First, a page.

The constraint satisfaction problem (CSP) is a widely studied problem with numerous applications in computer science. For infinite-domain CSPs, there are many results separating tractable and NP-hard cases while upper bounds on the time complexity of hard cases are virtually unexplored. Hence, we initiate a study of the worst-case time cmplexity of such CSPs. We analyse backtracking algorithms and show that they can be improved by exploiting sparsification. We present even faster algorithms based on enumerating finite structures. Last, we prove non-trivial lower bounds applicable to many interesting CSPs, under the assumption that the strong exponential-time hypothesis is true.
We consider methods for constructing NP-intermediate problems under the assumption that P ≠ NP. We generalize Ladner’s original method for obtaining NP-intermediate problems by using parameters with various characteristics. In particular, this generalization allows us to obtain new insights concerning the complexity of CSP problems. We begin by fully characterizing the problems that admit NP-intermediate subproblems for a broad and natural class of parameterizations, and extend the result further such that structural CSP restrictions based on parameters that are hard to compute (such as tree-width) are covered. Hereby we generalize a result by Grohe on width parameters and NP-intermediate problems. For studying certain classes of problems, including CSPs parameterized by constraint languages, we consider more powerful parameterizations. First, we identify a new method for obtaining constraint languages Γ such that CSP(Γ) are NP-intermediate. The sets Γ can have very different properties compared to previous constructions (by, for instance, Bodirsky & Grohe) and provides insights into the algebraic approach for studying the complexity of infinite-domain CSPs. Second, we prove that the propositional abduction problem parameterized by constraint languages admits NP-intermediate problems. This settles an open question posed by Nordh & Zanuttini.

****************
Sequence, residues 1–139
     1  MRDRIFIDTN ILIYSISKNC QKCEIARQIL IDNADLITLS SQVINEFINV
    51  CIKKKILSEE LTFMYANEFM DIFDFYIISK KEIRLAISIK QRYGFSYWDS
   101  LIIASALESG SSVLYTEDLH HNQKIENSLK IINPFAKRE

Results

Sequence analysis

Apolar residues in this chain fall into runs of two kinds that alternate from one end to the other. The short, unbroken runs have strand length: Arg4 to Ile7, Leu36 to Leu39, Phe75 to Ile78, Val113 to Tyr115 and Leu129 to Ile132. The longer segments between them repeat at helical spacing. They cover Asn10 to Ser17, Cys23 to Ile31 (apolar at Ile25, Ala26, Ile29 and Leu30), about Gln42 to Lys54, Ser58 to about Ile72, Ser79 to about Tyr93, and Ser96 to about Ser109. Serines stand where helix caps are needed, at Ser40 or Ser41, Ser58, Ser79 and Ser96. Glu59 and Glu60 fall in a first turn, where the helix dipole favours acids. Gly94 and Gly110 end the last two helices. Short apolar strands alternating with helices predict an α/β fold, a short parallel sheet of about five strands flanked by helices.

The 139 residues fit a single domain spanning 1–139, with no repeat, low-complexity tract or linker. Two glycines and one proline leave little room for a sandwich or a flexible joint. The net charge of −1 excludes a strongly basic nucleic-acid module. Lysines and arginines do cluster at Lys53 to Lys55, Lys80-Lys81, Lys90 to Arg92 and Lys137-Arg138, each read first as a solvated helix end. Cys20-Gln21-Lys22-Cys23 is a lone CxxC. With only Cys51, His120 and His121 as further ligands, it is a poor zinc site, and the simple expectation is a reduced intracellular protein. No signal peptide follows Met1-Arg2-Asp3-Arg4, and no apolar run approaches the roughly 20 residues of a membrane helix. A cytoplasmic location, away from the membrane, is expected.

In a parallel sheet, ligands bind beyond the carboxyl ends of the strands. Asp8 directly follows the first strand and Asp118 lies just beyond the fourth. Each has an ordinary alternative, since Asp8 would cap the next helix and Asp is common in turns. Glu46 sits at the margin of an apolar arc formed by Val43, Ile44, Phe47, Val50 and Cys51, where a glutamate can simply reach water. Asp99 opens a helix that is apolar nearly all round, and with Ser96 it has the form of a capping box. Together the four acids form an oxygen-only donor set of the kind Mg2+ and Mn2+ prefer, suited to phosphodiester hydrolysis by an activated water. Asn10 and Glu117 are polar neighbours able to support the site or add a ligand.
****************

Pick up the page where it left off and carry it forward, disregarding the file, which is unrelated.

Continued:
The search for natural NP-intermediate problems is one of the holy grails within computational complexity. Ladners original diagonalization technique for generating NP-intermediate problems, blowing holes, has a serious shortcoming: it creates problems with a highly artificial structure by arbitrarily removing certain problem instances. In this article we limit this problem by generalizing Ladners method to use parameters with various characteristics. This allows one to define more fine-grained parameters, resulting in NP-intermediate problems where we only blow holes in a controlled subset of the problem. We begin by fully characterizing the problems that admit NP-intermediate subproblems for a broad and natural class of parameterizations, and extend the result further such that structural CSP restrictions based on parameters that are hard to compute (such as tree-width) are covered, thereby generalizing a result by Grohe. For studying certain classes of problems, including CSPs parameterized by constraint languages, we consider more powerful parameterizations. First, we identify a new method for obtaining constraint languages Gamma such that CSP(Gamma) are NP-intermediate. The sets Gamma can have very different properties compared to previous constructions (by, for instance, Bodirsky and Grohe) and provides insights into the algebraic approach for studying the complexity of infinite-domain CSPs. Second, we prove that the propositional abduction problem parameterized by constraint languages admits NP-intermediate problems. This settles an open question posed by Nordh and Zanuttini. (C) 2015 Elsevier B.V. All rights reserved.